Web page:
I have found, in political idea wars, that deeply invested viewpoints are pretty impervious to changing. I’ve previously discussed, for example, confirmation bias – we welcome information that supports our beliefs, and discount anything discordant.
What Blankenhorn realized is that gay weddings do not undermine the institution of marriage. To the contrary, gays actually seem to be the only people in America who are really keen on matrimony. Blankenhorn now sees the real threat to marriage coming from a much bigger social phenomenon. Marriage is crumbling among middle and lower income groups. While the well educated and affluent still generally do marry (often several times), proletarians do not. Births to unwed mothers have reached 50% for under-30 whites. For blacks, it’s over 70%.
Let me repeat this point: yes, some single moms may be heroic and all that. But, on average, children do much better in two-parent homes. An explosion of single parenthood means more people in the next generation having a hard slog in life.
I’ve also stressed that our real national jobs problem is too many people ill-equipped to do today’s jobs. That’s in great part down to educational failure. And all our efforts to improve education will be overshadowed by a flood of single-parented students with all the life handicaps that that background all too typically entails. Insofar as gay marriage means more two-parent homes, that can only help.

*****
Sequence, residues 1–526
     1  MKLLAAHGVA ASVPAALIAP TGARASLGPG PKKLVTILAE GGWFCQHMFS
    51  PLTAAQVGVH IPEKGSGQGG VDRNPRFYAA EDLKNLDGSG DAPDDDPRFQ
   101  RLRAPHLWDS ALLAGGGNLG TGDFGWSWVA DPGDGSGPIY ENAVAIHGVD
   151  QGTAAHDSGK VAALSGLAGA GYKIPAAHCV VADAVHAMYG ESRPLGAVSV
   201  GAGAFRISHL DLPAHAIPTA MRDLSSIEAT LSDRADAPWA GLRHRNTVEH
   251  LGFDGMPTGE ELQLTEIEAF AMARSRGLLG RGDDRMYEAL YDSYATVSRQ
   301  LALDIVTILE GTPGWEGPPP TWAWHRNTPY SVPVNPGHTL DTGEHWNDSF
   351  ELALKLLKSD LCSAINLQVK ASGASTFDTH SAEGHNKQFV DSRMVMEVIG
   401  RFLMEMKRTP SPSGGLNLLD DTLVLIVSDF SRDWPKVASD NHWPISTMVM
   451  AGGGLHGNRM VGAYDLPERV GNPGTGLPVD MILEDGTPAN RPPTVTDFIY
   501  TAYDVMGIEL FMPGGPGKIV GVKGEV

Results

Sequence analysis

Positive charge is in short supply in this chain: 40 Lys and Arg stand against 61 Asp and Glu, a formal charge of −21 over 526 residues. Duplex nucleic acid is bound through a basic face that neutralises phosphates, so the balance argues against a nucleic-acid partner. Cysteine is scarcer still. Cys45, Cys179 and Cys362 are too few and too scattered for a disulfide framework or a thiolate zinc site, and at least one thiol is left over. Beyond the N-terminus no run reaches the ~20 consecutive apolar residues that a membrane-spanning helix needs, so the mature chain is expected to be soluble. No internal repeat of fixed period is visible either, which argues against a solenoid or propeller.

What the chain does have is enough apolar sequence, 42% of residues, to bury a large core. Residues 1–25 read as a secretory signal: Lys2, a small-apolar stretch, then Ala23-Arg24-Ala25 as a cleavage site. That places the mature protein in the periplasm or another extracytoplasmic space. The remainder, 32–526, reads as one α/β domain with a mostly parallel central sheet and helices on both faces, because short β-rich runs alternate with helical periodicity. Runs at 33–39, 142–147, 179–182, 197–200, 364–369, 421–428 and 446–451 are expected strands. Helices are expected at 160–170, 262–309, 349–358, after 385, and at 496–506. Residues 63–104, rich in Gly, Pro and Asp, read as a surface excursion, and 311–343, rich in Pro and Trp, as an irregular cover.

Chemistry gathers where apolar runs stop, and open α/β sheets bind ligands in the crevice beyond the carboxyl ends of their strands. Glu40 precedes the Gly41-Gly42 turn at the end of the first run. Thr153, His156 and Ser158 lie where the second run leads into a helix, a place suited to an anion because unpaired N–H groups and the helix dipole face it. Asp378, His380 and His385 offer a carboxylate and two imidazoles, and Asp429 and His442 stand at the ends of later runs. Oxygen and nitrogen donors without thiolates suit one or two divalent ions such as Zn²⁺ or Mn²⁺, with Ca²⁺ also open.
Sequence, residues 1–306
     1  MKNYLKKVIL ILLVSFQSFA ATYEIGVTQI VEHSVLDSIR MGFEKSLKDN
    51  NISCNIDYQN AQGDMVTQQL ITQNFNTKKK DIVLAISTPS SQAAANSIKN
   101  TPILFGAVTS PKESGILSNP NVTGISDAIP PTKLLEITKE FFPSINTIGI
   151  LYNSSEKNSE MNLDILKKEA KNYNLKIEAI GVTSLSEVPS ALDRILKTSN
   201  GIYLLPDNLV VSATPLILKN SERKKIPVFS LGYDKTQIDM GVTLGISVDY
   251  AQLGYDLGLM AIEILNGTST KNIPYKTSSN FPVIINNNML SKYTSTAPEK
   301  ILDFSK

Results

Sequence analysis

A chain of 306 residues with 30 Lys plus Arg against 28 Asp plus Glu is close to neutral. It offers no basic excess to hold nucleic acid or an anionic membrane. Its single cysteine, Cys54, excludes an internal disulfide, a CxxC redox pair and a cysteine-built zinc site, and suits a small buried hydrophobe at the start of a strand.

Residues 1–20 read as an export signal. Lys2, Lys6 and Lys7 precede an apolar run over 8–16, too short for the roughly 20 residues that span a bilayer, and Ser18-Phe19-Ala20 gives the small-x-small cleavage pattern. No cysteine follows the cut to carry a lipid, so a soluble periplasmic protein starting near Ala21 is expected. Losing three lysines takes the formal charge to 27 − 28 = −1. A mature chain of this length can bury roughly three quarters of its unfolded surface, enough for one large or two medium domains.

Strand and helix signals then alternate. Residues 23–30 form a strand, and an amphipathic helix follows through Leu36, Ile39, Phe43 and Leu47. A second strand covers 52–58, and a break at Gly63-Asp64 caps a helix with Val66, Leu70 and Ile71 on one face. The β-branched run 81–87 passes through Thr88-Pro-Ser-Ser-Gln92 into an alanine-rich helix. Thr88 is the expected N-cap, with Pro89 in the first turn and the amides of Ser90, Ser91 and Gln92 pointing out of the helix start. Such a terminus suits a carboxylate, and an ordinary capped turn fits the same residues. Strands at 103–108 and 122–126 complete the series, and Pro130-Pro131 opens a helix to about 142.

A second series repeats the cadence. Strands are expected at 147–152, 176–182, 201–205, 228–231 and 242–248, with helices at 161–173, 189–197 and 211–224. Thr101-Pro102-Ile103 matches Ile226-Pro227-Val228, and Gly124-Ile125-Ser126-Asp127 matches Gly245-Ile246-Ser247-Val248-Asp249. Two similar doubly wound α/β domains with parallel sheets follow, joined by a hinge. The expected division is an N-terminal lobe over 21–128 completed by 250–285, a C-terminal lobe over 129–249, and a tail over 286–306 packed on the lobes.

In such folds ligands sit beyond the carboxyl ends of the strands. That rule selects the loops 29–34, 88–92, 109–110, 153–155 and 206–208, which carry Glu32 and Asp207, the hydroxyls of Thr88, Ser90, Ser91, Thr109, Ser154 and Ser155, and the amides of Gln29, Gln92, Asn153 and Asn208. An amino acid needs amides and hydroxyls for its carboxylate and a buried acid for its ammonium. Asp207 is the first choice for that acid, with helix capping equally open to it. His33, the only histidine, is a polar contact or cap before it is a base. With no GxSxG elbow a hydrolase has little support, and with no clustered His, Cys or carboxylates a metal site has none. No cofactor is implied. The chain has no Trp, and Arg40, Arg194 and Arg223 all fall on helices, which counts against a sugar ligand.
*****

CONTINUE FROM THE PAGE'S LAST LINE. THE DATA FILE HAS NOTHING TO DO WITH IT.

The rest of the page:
I also recently heard a radio interview with Bishop Gene Robinson (no relation), about his book, God Believes in Love: Straight Talk About Gay Marriage. He made one interesting point I want to highlight. When the Biblical condemnations of homosexual acts were written, and up through quite recent times, the common assumption was that these were acts by heterosexuals, perversions against nature. People just didn’t realize there was such a thing as homosexuality – that is, folks whose nature is same-sex attraction, who are indeed born that way. This wasn’t generally understood, because it was well hidden. Coming out of the closet meant severe penalties in past times.
This was basically still true when I myself was young. It was a long time before I even understood homosexuality existed. I knew of the Mattachine Society, an early gay rights organization, but its message was so circumspect that I couldn’t figure out what they were talking about. My naivite may have been above average, but the point is that homosexuality was something well hidden, never openly discussed as it is today. Such ignorance shaped attitudes toward homosexuality, with the idea that it’s a perversion against nature, and no realization that it’s actually natural for most of its practitioners.